HTC has been granted a patent that it applied for in December of 2008. The patent covers a book-like user interface for smartphones, tablets, and electronic devices in general. The patent application was made public in 2009, which is when we first covered this interesting idea coming out of HTC.
The book-like UI would be true to its description and would show a different app, widget, or Web page on each virtual page. It wouldn’t differentiate between these categories of software like current mobile OSes do, thus creating a uniform UI. This is probably the most important idea in this patent. HTC believes that some of the inherent complexities found in modern mobile OSes can easily become pretty overwhelming:
“For example, some of the applications and widgets are located on a desktop area of the UI. Some of the applications and widgets are located on pop-up or pull-down menus. Some services are provided as web pages which have to be selected from the bookmarks of a web browser. Sometimes this distributed nature of the functions and services is irritating even to experienced users. Moreover, the operating actions required for starting a widget, an application, and a web page may be very different. The operating actions required to start an application on the desktop may be different from the operating actions required to start an application on a menu.”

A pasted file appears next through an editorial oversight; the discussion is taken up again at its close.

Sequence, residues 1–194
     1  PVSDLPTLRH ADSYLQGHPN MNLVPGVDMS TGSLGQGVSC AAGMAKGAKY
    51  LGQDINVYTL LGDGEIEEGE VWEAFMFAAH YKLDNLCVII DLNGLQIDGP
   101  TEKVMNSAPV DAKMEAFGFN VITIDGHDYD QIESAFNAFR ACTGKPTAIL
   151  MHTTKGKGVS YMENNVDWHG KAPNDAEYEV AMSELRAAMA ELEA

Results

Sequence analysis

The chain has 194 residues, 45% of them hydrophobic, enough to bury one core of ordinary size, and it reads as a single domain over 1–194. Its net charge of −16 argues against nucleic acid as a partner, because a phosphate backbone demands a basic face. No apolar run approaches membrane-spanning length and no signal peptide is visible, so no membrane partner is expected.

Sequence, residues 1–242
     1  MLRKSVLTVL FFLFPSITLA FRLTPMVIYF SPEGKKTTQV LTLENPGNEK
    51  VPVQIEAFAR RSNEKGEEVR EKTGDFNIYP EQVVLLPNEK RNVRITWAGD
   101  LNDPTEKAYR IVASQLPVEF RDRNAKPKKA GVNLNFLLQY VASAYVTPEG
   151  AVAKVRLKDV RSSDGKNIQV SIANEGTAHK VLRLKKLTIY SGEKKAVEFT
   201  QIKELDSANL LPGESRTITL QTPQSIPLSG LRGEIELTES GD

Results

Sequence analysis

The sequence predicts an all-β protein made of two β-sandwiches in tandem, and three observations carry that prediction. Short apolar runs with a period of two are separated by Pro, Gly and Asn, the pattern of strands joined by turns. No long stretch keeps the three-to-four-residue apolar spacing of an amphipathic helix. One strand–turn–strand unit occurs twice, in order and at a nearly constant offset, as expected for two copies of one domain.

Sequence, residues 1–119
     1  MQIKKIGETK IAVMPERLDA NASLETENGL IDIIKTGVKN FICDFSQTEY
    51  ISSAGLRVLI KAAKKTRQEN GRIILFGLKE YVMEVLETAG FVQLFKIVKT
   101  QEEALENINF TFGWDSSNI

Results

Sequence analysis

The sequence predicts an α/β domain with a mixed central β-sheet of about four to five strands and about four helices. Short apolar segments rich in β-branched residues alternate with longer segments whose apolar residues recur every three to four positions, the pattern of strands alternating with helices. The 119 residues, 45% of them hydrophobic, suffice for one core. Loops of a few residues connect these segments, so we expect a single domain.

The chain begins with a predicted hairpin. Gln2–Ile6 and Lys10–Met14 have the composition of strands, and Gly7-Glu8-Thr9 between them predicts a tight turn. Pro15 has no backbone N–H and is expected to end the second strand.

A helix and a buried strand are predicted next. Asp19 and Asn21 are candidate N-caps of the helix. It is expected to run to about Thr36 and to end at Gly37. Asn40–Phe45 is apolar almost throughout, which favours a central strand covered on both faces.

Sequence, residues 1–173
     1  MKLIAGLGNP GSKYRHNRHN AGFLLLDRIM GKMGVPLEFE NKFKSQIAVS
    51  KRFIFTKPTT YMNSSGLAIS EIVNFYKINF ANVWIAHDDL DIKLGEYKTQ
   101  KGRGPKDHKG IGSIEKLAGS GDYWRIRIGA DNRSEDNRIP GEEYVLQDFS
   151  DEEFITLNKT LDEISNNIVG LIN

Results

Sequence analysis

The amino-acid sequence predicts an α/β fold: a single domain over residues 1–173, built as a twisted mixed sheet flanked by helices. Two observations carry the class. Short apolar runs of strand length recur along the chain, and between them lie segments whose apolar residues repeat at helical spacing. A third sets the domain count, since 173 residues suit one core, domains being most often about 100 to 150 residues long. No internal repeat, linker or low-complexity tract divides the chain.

The book paradigm could make a lot of sense as turning the pages of a book is an action that most people are already accustomed with. In other words, this interface could prove to be very intuitive in actual use.
As for switching between ‘book pages’, that would be accomplished by showing a ‘table of contents’ triggered by some specific user gestures. For example, long-pressing on the touchscreen while one page is being displayed in full screen would result in a ‘stand-up view’ of the book being shown. Here other pages can be selected, and a persistent shortcut to the ‘table of contents’ may also appear.
One could quickly assume that this book-like UI may some day make it into the Taiwanese company’s Sense UI overlay that it’s been using on its Android smartphones. Or maybe it will be used as the base for an entirely different UI overlay for existing smartphone OSes, or even a new OS altogether. In any case, it’s one of the more extreme (in that it’s pretty different from what’s currently ‘the norm’) interpretations of a mobile UI that we’ve seen so far, but because it’s designed to mimic gestures that we all know, it may just work. We’ll have to wait and see.
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